Noted Susan has had another visit to Mount Vernon. Does she use her glasses regularly now? Funny remark that she should be able to see better than she does. Wonder what is behind this. The next visit will be about Easter then.

Sorry to hear Mr Gray has broken a bone in his wrist that it is so easily done. Hope you have felt nothing more of your fall a week or two ago.

Yes it was sad news of Gaitskell – only 56. According to some papers this week he was suffering from some disease that would have killed him in two or three years’ time but the virus infection accelerated death. There will be a bit of squabbling in the party now before things settle down again.

I have just heard that the bungalow at the far end of St Andrews Drive on the right hand side has been re-rated from £35 to £90 per annum. This is the place a man named Pope lives in – just retired from accountancy section at Temple Meads. Noted primulas still alright hours are too but the Christmas cactus are now dying off. They have been a very nice sight.

Gave engine of car a run in garage this morning – no difficulty. I’m glad I had antifreeze put in last month. Should have been in a mess now without it.

How does Christopher like school? Noted you saw them at Eccleston road last Saturday. If I remember rightly Roy and family live not so very far from there. In spite of the cold you are experiencing we had to laugh about putting the butter, milk etc. on dining room table and then running for it. Obviously you are living in front room as we are living in our dining room – these being the warmer places in each house.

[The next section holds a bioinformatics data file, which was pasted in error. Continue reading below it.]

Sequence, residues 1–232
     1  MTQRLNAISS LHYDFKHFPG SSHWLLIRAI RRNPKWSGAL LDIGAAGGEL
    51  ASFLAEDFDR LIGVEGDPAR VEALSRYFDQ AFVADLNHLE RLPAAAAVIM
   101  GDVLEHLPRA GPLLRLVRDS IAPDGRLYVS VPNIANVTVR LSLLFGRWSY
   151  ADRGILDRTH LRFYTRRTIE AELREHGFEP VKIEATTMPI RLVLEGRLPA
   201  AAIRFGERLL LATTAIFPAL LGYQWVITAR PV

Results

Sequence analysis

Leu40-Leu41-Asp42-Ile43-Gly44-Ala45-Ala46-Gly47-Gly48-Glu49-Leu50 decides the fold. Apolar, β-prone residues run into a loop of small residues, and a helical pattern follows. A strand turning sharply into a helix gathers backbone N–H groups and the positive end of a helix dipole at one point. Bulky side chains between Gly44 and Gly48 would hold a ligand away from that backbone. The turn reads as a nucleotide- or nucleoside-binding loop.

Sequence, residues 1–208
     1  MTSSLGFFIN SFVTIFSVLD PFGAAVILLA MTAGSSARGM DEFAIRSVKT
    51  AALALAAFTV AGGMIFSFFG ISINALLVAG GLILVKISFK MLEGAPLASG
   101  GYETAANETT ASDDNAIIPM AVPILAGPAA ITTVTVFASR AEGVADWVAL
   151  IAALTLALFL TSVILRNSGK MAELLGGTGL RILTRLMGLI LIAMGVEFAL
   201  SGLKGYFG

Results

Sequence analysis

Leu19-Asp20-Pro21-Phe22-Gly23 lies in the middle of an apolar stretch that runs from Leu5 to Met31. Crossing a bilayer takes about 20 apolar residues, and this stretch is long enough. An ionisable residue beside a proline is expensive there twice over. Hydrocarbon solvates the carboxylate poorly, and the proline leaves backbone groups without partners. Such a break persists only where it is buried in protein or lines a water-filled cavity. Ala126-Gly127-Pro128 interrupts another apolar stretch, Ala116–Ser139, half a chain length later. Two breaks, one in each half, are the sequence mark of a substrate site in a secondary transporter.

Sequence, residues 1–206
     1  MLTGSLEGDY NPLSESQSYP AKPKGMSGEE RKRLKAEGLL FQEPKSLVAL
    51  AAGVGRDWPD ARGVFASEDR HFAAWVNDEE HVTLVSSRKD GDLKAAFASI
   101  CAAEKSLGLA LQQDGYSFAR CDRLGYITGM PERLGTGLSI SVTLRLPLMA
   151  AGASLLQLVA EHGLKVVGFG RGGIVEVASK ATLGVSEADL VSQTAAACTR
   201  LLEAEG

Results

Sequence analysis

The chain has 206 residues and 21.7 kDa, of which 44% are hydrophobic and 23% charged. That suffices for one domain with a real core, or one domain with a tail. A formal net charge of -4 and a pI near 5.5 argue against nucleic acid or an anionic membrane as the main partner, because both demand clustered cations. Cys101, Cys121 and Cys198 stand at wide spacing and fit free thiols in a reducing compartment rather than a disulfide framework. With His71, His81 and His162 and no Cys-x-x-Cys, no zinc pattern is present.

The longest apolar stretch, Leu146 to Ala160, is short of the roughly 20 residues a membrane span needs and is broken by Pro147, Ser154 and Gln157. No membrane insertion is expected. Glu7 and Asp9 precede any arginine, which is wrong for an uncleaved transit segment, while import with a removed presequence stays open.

The horse still with us. Plenty of hay for him now and he seems to be in very good condition. Norman said if he rolls in the snow there is not much the matter with him and he certainly does this at times. Flattens it out into ice. No more snow has been moved from the roads here and the position in Tennyson Avenue is as mentioned last week. At last grit has been put down Old Church Road from the corner by Wilcocks Garage. Formerly this section had been left out. Generally speaking the main roads in Clevedon are now in good order but the exception is over that part referred to above.

We have forgotten the incident about the front garden in 1926 or thereabouts – you must remind us please.

Have now read Mag and passed it onto Roy Hewitt for perusal. The articles on the various stretches of line I find very interesting and of course it is all fresh reading. The Parkeston Quay Harwich and cross Channel service boats to the continent must be a big job. Query more so than the Channel Islands services from Southampton and Weymouth. 

*Not surprising as there are slopes at each entrance to the churchyard and IIRC nothing much to hold onto.

[continues on Wednesday 23rd January, 1963]